‘Ex-officio’ personnel should not receive additional income

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There is something anomalous about high officials in government pocketing additional income/allowances for doing extra jobs outside of their main posts. Among the hundreds of mainstream or satellite agencies created by law, there are officials designated to sit in them as ex-officio (i.e., by virtue of their office) chairs or members, on account of which they routinely help themselves to adscititious perks and privileges in the guise of per diems, allowances, incentives or what-have-you.

Thus, it is not uncommon to hear about them amassing millions in compensation at the end of each year (Inquirer, 11/25/12). No less than the Commission on Audit is appalled by the sheer magnitude of the misappropriation.

Let’s bottom-line this mind-boggling setup. When a public official goes to work in another office in an ex-officio capacity, he is physically absent from the office to which he was principally appointed. Thus, while being in another place (say, the whole day), he is accordingly rendered unable to discharge the duties pertaining to his principal office. But despite that, he continues to receive his fixed salary and suffers no diminution thereof.

If that be the case, why should he be compensated for work done in the other office? Unless he has a rare talent for bilocation, the work he does with a single human body (and presumably with one brain) should be paid for only once. Whether or not we look at it as just mere “allowances,” “per diems” or “incentives,” they all amount to and form part of a double or triple compensation package! That, to our thinking, is basically obscene. And despite all Supreme Court pronouncements striking down “double compensation” in government as immoral and illegal, that is still happening all over the entire bureaucracy.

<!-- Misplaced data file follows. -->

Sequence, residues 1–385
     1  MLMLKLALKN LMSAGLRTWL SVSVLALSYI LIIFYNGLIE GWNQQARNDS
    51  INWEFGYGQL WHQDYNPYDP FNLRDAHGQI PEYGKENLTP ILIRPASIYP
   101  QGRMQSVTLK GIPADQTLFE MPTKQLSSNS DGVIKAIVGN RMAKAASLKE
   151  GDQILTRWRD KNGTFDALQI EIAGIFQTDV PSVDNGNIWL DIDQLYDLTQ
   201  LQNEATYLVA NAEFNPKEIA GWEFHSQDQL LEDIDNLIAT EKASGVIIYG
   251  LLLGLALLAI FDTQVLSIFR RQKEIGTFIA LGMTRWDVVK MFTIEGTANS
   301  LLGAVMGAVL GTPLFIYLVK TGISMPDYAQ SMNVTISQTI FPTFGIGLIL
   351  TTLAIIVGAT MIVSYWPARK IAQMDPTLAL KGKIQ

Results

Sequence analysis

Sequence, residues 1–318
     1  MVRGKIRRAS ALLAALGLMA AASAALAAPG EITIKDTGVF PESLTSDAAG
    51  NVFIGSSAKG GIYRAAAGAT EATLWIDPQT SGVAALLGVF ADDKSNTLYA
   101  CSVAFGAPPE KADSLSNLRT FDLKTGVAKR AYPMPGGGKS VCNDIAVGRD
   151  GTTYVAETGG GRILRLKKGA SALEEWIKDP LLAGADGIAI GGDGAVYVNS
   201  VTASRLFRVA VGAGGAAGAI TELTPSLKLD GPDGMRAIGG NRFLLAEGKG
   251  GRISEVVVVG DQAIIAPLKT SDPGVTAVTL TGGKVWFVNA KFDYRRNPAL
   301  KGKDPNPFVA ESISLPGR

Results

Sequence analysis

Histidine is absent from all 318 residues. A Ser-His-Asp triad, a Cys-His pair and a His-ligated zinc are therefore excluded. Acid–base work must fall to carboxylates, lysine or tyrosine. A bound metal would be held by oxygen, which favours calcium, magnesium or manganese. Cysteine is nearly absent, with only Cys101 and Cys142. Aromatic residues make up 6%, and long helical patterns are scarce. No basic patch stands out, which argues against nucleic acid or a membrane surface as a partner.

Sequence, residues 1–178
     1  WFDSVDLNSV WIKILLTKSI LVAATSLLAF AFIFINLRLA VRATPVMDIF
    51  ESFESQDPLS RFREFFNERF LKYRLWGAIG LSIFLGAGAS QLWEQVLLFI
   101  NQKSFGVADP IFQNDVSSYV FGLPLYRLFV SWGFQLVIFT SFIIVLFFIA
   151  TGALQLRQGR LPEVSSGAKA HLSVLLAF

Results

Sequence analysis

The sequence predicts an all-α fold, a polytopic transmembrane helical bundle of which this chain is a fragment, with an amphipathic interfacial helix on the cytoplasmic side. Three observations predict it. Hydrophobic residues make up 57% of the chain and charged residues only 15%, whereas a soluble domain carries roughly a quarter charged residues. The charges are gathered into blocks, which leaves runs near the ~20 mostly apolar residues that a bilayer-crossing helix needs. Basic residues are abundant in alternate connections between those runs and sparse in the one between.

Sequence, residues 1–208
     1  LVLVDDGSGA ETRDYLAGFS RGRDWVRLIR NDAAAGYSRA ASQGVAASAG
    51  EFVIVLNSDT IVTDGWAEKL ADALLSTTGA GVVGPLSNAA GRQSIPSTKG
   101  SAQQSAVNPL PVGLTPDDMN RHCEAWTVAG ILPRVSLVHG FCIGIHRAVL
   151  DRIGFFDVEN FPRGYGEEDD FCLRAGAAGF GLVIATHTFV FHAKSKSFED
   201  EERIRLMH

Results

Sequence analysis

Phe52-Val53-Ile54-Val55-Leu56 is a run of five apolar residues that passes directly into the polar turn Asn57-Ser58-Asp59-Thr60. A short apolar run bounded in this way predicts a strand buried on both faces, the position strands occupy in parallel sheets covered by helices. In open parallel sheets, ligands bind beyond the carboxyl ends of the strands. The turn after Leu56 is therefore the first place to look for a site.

We often hear the expression that public office is a thankless job. Yet, the jockeying for such position is almost always intense, sometimes internecine; and those already entrenched fight tooth and nail to hang on to their turf, to the extent of being so shamelessly “kapit-tuko”! It used to make no sense. Ah, but apparently, we just got it all wrong. The built-in schemes for looting and plunder are all there!

—STEPHEN L. MONSANTO,

Monsanto Law Office,

Loyola Heights, Quezon City,

lexsquare.firm@gmail.com

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